Barbour Chair and CTNS Courses

“I am enduringly grateful to CTNS and to the vision and initiative of its founder and director, Robert John Russell. I know of no other center in the world that is making such a significant contribution to the creative dialogue between science and religion.”
-- Ian G. Barbour

Ian G. Barbour Chair in Theology and Science

Robert Russell and Ian Barbour

The Ian G. Barbour Chair in Theology and Science is the cornerstone of the CTNS program at the GTU. In an age when science is often seen to conflict with religion or in which they seem irrelevant to each other, the Chair brings the natural sciences into the classrooms of GTU doctoral and seminary students, invites UC Berkeley scientists to participate in GTU doctoral committees, and convenes Public Forums on faith and science issues throughout the academic year.  In these and many other ways the Barbour Chair, now as a permanent program of the GTU, ensures that future generations of faculty and students may enter into the constructive dialogue between faith and science and be empowered for research, teaching and ministry.

As CTNS Director, the Barbour Chair also provides leadership for ongoing CTNS research and public service programs such as the annual Russell Family Fellowship in Religion and Science, the annual Charles H. Townes Graduate Student Fellowship, and the refereed journal, Theology and Science.  The Director is responsible for creating international and interreligious programs which support research, teaching and public engagement between scientists and religious scholars.  To date CTNS has received over $24M for these programs from the John Templeton Foundation, including “Science and Religion Course Program,” “Science and the Spiritual Quest,” and “Science and Transcendence: Advanced Research Series.”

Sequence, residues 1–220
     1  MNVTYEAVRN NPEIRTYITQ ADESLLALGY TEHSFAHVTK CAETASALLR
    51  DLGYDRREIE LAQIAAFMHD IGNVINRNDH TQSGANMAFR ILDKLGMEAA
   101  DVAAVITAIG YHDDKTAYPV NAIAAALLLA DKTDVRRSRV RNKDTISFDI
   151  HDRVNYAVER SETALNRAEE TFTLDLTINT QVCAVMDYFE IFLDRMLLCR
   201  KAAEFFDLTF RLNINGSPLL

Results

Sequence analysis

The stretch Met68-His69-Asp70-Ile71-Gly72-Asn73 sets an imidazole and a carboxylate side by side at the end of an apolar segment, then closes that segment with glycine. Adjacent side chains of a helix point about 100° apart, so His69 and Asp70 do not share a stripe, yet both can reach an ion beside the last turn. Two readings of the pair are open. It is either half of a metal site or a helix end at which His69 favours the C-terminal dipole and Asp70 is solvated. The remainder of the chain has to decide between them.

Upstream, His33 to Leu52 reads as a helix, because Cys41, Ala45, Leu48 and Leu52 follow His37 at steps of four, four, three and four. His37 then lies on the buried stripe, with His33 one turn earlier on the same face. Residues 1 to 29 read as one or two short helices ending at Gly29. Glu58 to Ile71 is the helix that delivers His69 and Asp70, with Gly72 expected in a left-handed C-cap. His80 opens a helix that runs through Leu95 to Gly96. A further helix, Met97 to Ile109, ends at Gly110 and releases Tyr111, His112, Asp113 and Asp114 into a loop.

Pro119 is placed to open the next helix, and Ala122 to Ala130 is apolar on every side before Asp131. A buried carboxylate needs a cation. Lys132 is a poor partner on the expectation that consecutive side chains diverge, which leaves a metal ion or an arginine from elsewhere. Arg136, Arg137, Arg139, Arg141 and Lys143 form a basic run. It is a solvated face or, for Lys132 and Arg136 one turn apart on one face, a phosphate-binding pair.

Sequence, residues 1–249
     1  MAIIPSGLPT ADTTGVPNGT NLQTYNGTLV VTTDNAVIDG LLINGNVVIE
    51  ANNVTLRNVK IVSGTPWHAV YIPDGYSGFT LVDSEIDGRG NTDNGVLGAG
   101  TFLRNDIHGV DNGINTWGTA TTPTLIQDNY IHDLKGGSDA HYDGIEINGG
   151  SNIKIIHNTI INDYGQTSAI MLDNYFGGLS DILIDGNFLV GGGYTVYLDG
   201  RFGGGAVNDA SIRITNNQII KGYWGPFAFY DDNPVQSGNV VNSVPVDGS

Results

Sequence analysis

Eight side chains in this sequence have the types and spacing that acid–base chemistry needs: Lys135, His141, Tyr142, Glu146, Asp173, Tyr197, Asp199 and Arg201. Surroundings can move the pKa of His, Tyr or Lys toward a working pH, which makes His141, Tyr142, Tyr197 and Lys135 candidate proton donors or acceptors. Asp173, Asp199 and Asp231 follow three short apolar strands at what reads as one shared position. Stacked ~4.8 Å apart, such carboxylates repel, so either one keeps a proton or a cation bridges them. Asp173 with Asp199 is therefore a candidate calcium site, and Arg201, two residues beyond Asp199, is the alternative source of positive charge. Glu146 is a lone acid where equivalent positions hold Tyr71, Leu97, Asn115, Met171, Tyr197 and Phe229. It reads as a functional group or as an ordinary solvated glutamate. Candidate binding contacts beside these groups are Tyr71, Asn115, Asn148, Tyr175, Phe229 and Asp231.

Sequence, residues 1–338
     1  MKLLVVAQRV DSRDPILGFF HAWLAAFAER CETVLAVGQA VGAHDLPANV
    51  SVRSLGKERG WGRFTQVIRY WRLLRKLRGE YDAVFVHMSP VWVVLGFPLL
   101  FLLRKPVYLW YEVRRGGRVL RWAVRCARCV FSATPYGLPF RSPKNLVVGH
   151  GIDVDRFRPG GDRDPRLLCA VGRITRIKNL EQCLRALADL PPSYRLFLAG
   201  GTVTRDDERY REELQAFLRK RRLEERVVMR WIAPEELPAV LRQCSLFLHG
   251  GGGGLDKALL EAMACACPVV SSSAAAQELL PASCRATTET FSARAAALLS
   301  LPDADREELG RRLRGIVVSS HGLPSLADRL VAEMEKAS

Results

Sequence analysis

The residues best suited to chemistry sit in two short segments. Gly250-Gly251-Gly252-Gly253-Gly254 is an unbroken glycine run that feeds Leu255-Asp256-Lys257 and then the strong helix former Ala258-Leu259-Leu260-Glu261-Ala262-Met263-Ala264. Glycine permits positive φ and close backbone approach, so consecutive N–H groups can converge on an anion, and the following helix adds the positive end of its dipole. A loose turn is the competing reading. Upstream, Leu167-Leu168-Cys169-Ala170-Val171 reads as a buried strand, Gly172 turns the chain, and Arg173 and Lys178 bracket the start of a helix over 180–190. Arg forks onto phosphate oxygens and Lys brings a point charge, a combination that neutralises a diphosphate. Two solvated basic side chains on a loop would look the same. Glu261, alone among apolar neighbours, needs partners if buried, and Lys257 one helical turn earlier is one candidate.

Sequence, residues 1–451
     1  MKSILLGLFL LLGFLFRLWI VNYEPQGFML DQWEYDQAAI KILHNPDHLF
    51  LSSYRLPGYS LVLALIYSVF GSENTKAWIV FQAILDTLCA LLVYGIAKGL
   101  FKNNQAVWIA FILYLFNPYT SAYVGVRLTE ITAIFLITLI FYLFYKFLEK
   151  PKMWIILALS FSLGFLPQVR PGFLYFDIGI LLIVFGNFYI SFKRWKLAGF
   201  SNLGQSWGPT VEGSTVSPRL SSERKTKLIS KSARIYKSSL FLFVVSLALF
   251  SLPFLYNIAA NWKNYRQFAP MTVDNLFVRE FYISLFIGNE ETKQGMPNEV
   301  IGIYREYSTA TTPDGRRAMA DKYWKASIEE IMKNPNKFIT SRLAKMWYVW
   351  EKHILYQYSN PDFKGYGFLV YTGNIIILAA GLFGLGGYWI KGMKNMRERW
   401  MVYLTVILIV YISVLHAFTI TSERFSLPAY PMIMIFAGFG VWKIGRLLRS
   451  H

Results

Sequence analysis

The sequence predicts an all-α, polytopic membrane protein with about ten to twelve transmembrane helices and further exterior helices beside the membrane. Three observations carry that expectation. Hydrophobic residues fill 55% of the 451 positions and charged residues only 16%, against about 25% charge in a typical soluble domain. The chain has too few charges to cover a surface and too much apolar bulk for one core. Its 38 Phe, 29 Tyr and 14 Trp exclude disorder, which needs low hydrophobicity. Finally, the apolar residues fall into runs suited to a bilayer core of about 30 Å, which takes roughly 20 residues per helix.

Both a physicist and a theologian, Dr. Ian G. Barbour was an unparalleled pioneer in science and religion. His 1966 classic, Issues in Science and Religion, launched the recent era of scholarly study in this interdisciplinary field. His prolific writings over many decades, including the two volume Gifford Lectures which dealt with ethics and technology as well as science and religion, have contributed enormously to the growing international, intercultural, and interreligious dialogue, and they continue to inspire both new and seasoned scholars.

Dr. Barbour was a founding member of the CTNS Board of Directors and a pivotal financial supporter of the Center. When honored by the 1999 Templeton Prize for Progress in Religion, he donated the bulk of his award to CTNS, rekindling CTNS’s vision to endow a permanent Chair in Theology and Science at the GTU. The Chair Fund has grown with the support of many generous donors, and CTNS is currently looking to increase the endowment so that it can support operating costs and staff costs as well. We offer special thanks to Dr. Ian G. Barbour, Drs. John M. and Josephine Templeton, Dr. Francisco J. Ayala and Dr. Charles H. Townes for their gifts of $100,000 and above.

Robert John Russell is the current Ian G. Barbour Professor of Theology and Science.

CTNS Current Courses


This course is co-taught by Ted Peters and Robert Russell. This course will focus on the implications of cosmology, evolutionary biology and astrobiology/extraterrestrial intelligent life for Christian theology and ethics. Scientific topics include Big Bang cosmology, the discovery of habitable exoplanets, evolutionary biology, human origins, astrobiology and the search for extraterrestrial life. Theological and ethical topics include God, creation, Christology, eschatology and astroethics. The course counts in the Theology and Science concentration within the GTU Department of Theology and Ethics.  Advanced M.Div. and other masters' level students are invited, especially with background in the basics of theology. A science background is not required. Doctoral students may upgrade from 4000 to 5000 level and write in their field of focus.